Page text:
Sibawayh did not say who were the Arabs who pronounced the bȃʔ which is like fȃʔ and in what circumstances. Later authors could only speculate on what he meant. The linguist ʔIbn Yaʕȋš اِبْنُ يَعِيْشَ , who lived in Aleppo in the 12-13th centuries, says in his commentary onمُفَصَّلُ الْزَّمَخْشَرِيِّ  the following:

وَمِثَالُ الْبَاءِ كَالْفَاءِ قَوْلُهُمْ فِي بُورٍ “فُورٌ”، وَهِيَ كَثِيرَةٌ فِي لُغَةِ الْفُرْسِ. وَكَأَنَّ الَّذِينَ تَكَلَّمُوا بِهَذِهِ الْحُرُوفِ الْمُسْتَرْذَلِةِ قَوْمٌ مِنْ الْعَرَبِ خَالَطُوا الْعَجَمَ، فَتَكَلَّمُوا بِلُغَاتِهِمْ، فَاِعْرِفْهُ. [شرح المفصل لابن يعيش. فصل حروف العربية]

An example of the bȃʔ which is like fȃʔ is fȗruṋ [pȗruṋ] فُوْرٌ for bȗruṋ بُوْرٌ [“corrupt, hopeless”?]. This is common in the speech of Persians. It seems as if those Arabs who pronounced those unfavored letters were living with Persians and so they spoke like them. So know it.

Given the Ṣafaitic evidence mentioned above, and given that the change *p > f is apparently of Yemeni origin, it is not impossible that some Arabs in Sibawayh’s time preserved an older, harder pronunciation of f ف , and this could have been Sibawayh’s “bȃʔ which is like fȃʔ.”

►II.21.A.b. THE INTERDENTALS θ, ð, ð̣

§α. In many sedentary dialects of modern spoken Arabic the interdental sounds θ ث , ð ذ and ð̣ ظ are fortified to t, d, and ḍ. For example, the word θalȃθa·tuṋ ثَلَاْثَةٌ “three” is pronounced in Aleppo tte, the word ðahabuṋ ذَهَبٌ “gold” is pronounced dahab, and the word ð̣ahruṋ ظَهْرٌ “back” is pronounced ah(ə)r. However, in words borrowed from Standard Arabic the sounds θ , ð and ð̣ are changed to s , z and . For example, the word θabata ثَبَتَ “be(came) fixed; be(came) proven” is pronounced in Aleppo sabat, the word kaððaba كَذَّبَ “lied, said something untrue” is pronounced kazzab (the native cognate kaddab is used by some speakers), and ð̣ulmuṋ ظُلْمٌ “injustice” is pronounced ələm. Sometimes the same word is pronounced differently depending on the social context, e.g. the word ðakaruṋ ذَكَرٌ “male” is pronounced zakar in formal contexts and dakar in informal contexts, and ʔunθa·y أُنْثَىْ “female” is pronounced ʔunsa in formal contexts and ʔəntēye·t in informal contexts. The word ðiʔbuṋ ذِئْبٌ “wolf” is usually pronounced zəʔəb, but in personal names, proverbs, and certain old expressions it is pronounced dīb.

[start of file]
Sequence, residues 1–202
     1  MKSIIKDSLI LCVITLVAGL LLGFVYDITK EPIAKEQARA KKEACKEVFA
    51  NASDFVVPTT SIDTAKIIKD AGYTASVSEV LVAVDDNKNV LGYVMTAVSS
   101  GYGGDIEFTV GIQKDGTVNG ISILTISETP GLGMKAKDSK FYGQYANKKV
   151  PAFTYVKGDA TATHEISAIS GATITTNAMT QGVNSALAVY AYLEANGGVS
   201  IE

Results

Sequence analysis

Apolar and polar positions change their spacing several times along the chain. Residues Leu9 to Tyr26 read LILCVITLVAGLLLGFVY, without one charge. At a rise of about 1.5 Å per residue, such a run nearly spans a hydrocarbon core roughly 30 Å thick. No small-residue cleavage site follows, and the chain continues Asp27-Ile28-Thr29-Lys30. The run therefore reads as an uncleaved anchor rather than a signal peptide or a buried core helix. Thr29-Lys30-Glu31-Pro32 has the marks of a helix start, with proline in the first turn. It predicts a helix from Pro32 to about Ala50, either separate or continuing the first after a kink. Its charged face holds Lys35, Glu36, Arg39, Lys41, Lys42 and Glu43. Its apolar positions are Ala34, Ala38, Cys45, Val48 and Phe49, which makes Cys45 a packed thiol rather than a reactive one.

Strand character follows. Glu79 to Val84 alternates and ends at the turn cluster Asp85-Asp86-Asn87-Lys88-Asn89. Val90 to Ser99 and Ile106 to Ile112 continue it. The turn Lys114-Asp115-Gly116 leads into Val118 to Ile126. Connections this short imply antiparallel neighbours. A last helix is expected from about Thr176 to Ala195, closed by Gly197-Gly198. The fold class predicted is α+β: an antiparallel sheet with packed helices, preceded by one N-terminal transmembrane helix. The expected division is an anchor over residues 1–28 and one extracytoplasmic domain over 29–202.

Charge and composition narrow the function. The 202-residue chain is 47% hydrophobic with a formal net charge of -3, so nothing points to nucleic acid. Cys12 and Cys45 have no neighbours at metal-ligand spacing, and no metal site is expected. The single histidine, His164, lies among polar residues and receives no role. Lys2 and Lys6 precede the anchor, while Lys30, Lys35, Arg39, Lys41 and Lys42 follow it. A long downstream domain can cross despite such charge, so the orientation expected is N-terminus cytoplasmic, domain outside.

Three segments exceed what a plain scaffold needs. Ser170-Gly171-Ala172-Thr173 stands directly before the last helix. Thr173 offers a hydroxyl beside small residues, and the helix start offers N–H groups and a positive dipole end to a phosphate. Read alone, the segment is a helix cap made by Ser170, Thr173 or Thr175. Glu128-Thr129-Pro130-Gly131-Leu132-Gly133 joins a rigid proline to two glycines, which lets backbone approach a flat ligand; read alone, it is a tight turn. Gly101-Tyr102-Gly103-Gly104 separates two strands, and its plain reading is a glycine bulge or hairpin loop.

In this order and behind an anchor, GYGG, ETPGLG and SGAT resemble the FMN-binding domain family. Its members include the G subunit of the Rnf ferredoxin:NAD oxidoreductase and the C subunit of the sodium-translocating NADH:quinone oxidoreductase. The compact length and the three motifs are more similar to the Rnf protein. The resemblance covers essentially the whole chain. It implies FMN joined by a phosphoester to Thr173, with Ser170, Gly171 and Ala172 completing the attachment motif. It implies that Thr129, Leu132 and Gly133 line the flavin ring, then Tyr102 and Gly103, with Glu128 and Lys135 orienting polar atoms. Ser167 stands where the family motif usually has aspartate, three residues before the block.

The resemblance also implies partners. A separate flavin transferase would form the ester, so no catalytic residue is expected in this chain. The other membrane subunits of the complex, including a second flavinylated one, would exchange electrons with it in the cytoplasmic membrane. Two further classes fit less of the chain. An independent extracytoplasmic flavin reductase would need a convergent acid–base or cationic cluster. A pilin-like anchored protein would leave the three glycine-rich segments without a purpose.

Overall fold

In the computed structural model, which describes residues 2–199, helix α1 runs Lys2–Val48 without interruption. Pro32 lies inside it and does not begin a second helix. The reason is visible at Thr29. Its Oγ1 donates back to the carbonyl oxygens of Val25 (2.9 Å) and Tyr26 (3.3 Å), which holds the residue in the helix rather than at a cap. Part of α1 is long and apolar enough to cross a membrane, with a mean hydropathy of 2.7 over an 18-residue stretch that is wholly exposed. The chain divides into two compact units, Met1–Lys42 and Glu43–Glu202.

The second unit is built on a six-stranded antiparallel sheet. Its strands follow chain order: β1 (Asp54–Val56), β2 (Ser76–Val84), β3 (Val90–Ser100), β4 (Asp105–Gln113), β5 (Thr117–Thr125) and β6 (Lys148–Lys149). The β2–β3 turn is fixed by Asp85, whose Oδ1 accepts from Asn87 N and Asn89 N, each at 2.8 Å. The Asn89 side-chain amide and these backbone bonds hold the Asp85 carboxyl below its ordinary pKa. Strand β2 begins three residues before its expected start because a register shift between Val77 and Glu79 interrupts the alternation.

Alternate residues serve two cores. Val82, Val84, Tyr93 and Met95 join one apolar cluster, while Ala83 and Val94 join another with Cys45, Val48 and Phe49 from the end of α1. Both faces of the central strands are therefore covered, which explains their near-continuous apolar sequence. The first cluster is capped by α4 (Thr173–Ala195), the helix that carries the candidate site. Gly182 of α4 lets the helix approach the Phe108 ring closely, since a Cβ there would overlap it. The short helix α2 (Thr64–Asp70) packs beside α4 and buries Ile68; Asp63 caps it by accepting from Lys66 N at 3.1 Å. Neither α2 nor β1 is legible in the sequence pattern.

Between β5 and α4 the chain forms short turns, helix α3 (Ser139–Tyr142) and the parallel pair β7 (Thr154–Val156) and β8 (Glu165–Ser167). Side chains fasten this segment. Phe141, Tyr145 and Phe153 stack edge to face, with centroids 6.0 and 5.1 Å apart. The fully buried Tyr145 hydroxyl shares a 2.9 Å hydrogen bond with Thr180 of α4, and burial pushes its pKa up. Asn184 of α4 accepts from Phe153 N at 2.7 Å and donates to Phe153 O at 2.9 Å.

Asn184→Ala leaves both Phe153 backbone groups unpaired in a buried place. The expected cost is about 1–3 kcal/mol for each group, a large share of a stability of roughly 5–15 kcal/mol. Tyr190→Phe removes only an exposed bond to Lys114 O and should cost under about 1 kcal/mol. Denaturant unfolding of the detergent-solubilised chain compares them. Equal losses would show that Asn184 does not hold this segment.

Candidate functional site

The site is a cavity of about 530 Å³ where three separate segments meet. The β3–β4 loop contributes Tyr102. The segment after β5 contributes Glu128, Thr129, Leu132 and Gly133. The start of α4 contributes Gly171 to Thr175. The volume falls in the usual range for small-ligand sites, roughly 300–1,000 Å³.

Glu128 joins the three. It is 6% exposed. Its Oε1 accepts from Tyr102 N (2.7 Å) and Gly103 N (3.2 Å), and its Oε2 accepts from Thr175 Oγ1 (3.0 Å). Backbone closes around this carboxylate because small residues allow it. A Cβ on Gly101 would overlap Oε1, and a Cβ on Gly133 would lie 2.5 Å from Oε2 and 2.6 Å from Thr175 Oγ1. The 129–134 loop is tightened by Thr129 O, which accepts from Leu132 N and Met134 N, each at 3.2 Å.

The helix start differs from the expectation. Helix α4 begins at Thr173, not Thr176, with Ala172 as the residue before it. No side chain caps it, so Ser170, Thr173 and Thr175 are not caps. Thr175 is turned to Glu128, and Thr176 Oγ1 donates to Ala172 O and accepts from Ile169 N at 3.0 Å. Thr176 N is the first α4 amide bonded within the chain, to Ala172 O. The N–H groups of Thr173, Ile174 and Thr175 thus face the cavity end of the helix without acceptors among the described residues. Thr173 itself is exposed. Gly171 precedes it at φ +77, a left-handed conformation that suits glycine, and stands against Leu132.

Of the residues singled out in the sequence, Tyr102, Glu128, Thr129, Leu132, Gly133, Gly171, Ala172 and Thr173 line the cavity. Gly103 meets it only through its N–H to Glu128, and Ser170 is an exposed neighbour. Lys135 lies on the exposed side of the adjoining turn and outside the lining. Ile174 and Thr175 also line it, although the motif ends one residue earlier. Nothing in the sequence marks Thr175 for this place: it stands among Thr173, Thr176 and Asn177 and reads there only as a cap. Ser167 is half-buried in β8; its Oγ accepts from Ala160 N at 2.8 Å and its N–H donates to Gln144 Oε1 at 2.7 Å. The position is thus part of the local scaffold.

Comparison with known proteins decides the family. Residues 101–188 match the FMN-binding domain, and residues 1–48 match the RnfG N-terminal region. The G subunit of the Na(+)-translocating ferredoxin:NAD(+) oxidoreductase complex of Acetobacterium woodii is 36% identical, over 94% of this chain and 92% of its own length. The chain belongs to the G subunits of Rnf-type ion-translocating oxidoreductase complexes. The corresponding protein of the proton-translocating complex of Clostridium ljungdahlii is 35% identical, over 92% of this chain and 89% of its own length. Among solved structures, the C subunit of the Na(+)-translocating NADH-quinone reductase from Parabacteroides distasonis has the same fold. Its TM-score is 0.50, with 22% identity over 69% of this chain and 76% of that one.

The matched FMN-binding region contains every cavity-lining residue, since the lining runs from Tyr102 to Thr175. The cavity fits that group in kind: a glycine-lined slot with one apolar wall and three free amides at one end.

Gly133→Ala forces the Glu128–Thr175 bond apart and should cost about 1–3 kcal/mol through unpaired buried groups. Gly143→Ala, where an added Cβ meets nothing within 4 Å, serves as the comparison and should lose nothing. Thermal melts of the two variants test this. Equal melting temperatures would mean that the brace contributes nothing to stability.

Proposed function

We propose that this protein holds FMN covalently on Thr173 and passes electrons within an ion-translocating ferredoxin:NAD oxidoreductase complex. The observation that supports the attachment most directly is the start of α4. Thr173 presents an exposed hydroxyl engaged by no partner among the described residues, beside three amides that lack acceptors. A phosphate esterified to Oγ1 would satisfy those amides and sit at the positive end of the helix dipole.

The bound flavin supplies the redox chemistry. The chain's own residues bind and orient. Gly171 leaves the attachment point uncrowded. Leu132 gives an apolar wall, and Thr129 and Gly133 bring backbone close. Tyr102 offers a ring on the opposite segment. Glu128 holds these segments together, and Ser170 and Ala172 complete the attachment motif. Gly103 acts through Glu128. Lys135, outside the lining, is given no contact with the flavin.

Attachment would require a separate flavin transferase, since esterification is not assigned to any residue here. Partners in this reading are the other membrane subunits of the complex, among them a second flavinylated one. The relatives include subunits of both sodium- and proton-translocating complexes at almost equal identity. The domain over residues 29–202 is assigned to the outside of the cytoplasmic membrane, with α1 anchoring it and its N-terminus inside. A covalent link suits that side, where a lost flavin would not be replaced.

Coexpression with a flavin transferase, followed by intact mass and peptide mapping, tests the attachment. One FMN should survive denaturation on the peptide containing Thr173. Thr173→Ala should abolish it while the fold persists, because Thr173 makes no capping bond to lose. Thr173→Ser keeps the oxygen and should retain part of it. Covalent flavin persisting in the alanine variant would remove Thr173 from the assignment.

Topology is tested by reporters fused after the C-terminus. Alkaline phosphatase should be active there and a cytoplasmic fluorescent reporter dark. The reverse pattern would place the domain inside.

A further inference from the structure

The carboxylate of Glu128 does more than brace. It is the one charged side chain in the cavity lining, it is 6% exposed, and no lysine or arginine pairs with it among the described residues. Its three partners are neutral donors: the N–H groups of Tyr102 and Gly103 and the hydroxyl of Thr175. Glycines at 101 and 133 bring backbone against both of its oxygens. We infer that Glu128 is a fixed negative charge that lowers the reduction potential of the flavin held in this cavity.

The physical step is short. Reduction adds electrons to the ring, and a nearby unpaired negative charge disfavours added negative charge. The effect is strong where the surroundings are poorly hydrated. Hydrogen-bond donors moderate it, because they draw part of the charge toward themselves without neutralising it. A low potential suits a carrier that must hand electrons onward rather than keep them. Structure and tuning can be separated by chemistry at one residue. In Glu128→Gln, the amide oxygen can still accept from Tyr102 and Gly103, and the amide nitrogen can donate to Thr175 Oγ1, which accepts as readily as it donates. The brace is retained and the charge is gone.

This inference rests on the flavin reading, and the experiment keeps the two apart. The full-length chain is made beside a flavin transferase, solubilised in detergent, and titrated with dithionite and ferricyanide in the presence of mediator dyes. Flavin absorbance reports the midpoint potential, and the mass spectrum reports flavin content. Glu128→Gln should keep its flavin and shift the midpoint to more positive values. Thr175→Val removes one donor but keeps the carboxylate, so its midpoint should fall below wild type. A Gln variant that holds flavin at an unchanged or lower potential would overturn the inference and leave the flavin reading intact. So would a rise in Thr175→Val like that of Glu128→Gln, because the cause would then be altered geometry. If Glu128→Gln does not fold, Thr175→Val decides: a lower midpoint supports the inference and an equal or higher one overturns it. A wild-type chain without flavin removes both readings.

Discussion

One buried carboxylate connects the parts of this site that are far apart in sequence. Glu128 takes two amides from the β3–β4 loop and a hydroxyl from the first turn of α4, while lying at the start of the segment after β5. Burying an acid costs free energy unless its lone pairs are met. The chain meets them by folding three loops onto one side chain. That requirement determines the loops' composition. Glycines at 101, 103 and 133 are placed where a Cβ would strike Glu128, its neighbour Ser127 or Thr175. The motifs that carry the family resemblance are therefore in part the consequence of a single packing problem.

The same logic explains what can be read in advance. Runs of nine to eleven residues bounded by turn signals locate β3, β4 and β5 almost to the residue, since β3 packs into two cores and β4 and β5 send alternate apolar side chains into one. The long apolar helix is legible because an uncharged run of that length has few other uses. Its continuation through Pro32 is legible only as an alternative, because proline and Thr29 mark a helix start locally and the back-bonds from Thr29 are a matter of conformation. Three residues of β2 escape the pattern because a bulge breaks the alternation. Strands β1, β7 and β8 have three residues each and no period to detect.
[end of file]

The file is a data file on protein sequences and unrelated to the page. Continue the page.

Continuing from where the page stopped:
§β. The fortification of the interdentals is typical of sedentary dialects of southwestern Yemen (Aden), western Yemen (Ħudayda·t), western Arabia (Mecca), Greater Syria, Egypt, Sudan, and the Maghreb. This distribution corresponds to the historical movement of the Himyarites, but it is possible that this phenomenon was more widespread, given that the Ancient North Arabian (ANA) inscriptions from northern Ħiǵȃz (from Taymȃʔ, Dadȃn, and the Θamȗdic C inscriptions from Xašm Ṣanaʕ) and northern Naǵd (the Θamȗdic C inscriptions from ᵈŽildiyya·t mountain) used a character derived from the Ancient South Arabian (ASA) character sHimjar za.PNG(which probably sounded ᵗs = t͡s) to write θ. This suggests that θ was pronounced ᵗθ by some groups in Ħiǵȃz and Naǵd c. 500 BC (see Ernst A. Knauf in The Qurʾȃn in Context (2010), volume 6, p. 215). The character θ Himjar th.PNG was used in the ANA inscriptions from the Syrian Desert (known as Ṣafaitic), the Θamȗdic B inscriptions of Naǵd and the area between Madȃʔin Ṣȃliħ and Taymȃʔ, and the ASA of Yemen. The voiced ð was written in Taymȃʔ with the character z Tayma ð (c.f. Phoenician z Zayin), but the rest of the ANA languages used various characters that (in my opinion) appear to be cognate with ASA ð (all of the Arabian characters for ð seem to be derived from the character z Tayma ð by the addition of a single stroke). Strangely, the ANA inscriptions from Ħismȃ (to the west of Tabȗk) used the ASA character ð to write θ, while the character θ Himjar th.PNG was used to write g.

M. C. A. Macdonald Letter-forms in the Ancient North Arabian scripts
Letter-forms in the Ancient North Arabian scripts. There are no chronological implications in the order in which the scripts are arranged. The numbers above the letter-forms in the ‘‘Dispersed ONA’’ row refer to the photographs of the inscriptions in which they occur, published in Sass 1991. (Source: M. C. A. Macdonald, in The Cambridge Encyclopedia of the World’s Ancient Languages)

A Ṣafaitic inscription that was found on a stone at a cairn in the desert of Jordan (WH 1849) begins (as usual) by mentioning the name of the person who wrote it:

l-Whb-lh bn Θ̣n-ʔl bn Whb-lh bn Mlk

لوهبله بن ظنئل بن وهبله بن ملك

Luckily for us, this person knew how to write in Greek, and he left his name in Greek on an adjacent stone (WH 1860):

ΟΥΑΒΑΛΛΑΣ ΤΑΝΝΗΛΟΥ ΤΟΥ {Υ} ΟΥΑΒΑΛΛΟΥ

(Ouaballas Tannēlou [son] of {u} Ouaballou)

Ουαβαλλας (Ouaballas) corresponds to Classical Wahbu ʔ·Aḷḷāhi وَهْبُ اَلْلَّهِ “gift of God” with the Greek ending –ᾱς (–ās) of the masculine first declension. The spelling Ταννηλου (Tannēlou) for Θ̣n-ʔl ظنئل seems to indicate that the emphatic interdental θ̣ Safaitic emphatic th was not pronounced like a real interdental in the speech of this Ṣafaitic man. Ṣafaitic θ Himjar th.PNG was rendered by Greek θ, e.g. the Ṣafaitic name Yθʕ was rendered Ιαιθεου (Iaitheou), but Greek θ also rendered Ṣafaitic t Safaitic t, e.g. the Ṣafaitic name Lbʔt was rendered Λοβαιαθου (Lobaiathou), and S₂mt was rendered Σαμεθος (Samethos) (for the reason why Greek θ and χ were used for writing Arabic t ت and k ك see §II.21.A.f.ζ.). Overall, it appears that the interdentals were fortified in Ṣafaitic, despite the conservative orthography which used the characters θ Himjar th.PNG , ð Himjar dhal.PNG and θ̣ Safaitic emphatic th. Since the interdentals were still distinguished in the orthography from the dentals, it is likely that they were not pronounced exactly like the dentals. They may have been pronounced θ, ᵈð and ᵗθ̣.